10. HAUNTED, BY DORAH WILLIAMS

The Williams lived in constant fear. On a whim, they moved into an alluring Victorian home that just always seemed to be vacant. It doesn't take long to find out why: It's haunted. The true story is told through the perspective of matriarch Dorah, as she recalls the chilling paranormal events the family experienced and how they uncovered the backstory of their ghosts.

11. SILENCE OF THE LAMBS, BY THOMAS HARRIS

There's a new killer on the loose: Buffalo Bill, who starves his victims before killing—and skinning—them. To catch him, an amateur FBI agent must rely on cannibalistic serial killer Hannibal Lecter, currently locked away at a hospital for the criminally insane. The 1991 film adaption scored five Academy Awards.

12. SHUTTER ISLAND, BY DENNIS LEHANE

In the midst of the Cold War, U.S. Marshal Teddy and his partner Chuck head to Shutter Island, the home to a hospital for the criminally insane. There, the duo intend to investigate the disappearance of patient Rachel Solando, who allegedly escaped the facility. But in the gripping thriller of mind games where nothing is what it seems, Teddy is forced confront his own fatal wrongdoings.

13. GOOSEBUMPS: THE HAUNTED MASK, BY R. L. STINE

Desperate to get revenge on school bully Steve, Carly Beth buys a monstrous mask for Halloween. But as fright night goes on, she starts acting aggressively, even choking her best friend Sabrina. When she goes to remove the costume, she realizes it's become permanently attached to her face and she is now possessed.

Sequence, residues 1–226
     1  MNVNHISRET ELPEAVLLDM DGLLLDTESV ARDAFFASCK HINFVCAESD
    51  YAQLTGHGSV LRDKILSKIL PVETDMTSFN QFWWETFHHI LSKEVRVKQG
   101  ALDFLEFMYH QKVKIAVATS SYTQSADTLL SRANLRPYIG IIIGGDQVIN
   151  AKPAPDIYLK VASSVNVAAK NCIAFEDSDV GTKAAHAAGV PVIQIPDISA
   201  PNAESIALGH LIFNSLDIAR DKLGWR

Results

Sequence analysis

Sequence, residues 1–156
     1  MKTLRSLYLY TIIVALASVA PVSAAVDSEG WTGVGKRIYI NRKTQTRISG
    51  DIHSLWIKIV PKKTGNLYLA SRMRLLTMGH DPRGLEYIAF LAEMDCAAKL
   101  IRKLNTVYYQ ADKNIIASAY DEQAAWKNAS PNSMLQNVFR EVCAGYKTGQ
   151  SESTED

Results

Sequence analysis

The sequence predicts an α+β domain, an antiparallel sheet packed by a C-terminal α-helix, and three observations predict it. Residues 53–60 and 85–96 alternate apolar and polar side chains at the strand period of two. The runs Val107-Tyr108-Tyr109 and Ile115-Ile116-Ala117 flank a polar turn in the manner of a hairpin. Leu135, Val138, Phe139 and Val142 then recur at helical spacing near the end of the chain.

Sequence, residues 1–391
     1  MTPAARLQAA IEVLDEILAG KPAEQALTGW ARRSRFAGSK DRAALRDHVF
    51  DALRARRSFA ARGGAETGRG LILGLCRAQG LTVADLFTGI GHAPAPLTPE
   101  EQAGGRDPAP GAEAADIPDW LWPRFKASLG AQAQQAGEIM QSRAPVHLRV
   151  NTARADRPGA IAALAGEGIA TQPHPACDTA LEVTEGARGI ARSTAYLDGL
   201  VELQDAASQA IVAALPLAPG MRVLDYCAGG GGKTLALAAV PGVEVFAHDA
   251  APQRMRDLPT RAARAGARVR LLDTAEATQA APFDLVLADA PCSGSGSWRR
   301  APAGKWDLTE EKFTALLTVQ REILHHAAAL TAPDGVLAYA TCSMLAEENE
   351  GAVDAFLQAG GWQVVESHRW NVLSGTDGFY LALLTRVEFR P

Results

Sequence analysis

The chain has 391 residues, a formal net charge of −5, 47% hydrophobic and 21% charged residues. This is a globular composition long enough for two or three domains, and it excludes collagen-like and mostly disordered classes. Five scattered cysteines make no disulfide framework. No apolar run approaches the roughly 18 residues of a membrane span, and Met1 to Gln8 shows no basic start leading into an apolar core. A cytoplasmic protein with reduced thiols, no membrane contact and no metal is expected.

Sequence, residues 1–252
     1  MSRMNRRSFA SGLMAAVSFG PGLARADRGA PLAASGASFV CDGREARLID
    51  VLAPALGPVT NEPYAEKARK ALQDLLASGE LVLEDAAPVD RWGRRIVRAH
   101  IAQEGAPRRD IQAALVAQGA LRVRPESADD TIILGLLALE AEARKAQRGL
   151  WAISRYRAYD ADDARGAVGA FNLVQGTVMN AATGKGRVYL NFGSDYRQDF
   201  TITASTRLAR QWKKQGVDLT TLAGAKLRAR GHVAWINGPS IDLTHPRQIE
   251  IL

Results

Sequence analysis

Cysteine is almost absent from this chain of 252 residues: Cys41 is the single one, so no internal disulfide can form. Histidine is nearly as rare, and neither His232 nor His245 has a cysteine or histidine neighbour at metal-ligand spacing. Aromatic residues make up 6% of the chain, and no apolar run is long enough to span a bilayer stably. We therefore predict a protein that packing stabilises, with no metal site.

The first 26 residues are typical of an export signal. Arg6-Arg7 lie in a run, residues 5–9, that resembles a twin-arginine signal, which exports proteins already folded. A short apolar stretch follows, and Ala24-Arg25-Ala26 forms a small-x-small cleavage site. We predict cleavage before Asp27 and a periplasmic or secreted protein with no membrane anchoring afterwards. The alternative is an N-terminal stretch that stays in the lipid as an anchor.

14. CARRIE, BY STEPHEN KING

Hell hath no fury like Carrie scorned. When a bucket of pig's blood is dumped on her at senior prom, the titular character decides to use her newly discovered telekinetic powers to kill everyone in school. King's 1974 debut has been adapted into two films and a Broadway musical.

15. FRANKENSTEIN, BY MARY SHELLEY

Obsessed with the notion of giving life to lifeless matter, scientist Victor Frankenstein creates his own human using stolen body parts. However, his masterpiece is hardly a work of art. Tormented by exile, Frankenstein's hideous monster goes a murderous tear to exact revenge on his creator.

16. THE EXORCIST, BY WILLIAM PETER BLATTY

While living in Washington, D.C. with her famous mother, 12-year-old Regan begins to display some odd behavior. She stops eating, refuses to sleep, and starts an increasingly aggressive streak. Though her mom initially chalks her behavior up to teen angst, the movie star soon realizes her daughter is disturbed. She enlists two priests to help purge the girl of the demonic presence. Blatty's cult-classic spent 57 weeks on the New York Times bestseller list.

17. COME CLOSER, BY SARA GRAN

Amanda has the perfect life. Until she doesn't. Suddenly, she's burning her husband with a cigarette, shoplifting, cheating, and cursing at her boss. And there's a woman, reminiscent of her imaginary childhood friend Naamah, controlling her dreams. Has she lost her mind?

18. THE AMITYVILLE HORROR, BY JAY ANSON

They lasted 28 days. In December 1975, the Lutz family moved into their new, beautiful home … that turned out to be terrorized by the paranormal. Before fleeing the harrowing mansion, they were plagued by swarms of flies, received random welts, and heard mysterious sounds. Plus, their tot Missy gained an imaginary friend Jodie, a demonic pig with glowing red eyes. The true story has launched a multi-million dollar franchise with 15 films.

19. THE COUPLE NEXT DOOR, BY SHARI LAPENA

Anne and Marco are going to their neighbors' for dinner. They're told they can't bring their 6-month-old daughter, but that's ok. They have the baby monitor and every 30 minutes or so, one of them will check in on their sleeping infant. After all, they're just next door. But when they return home, they find their door ajar—and their daughter gone from her crib.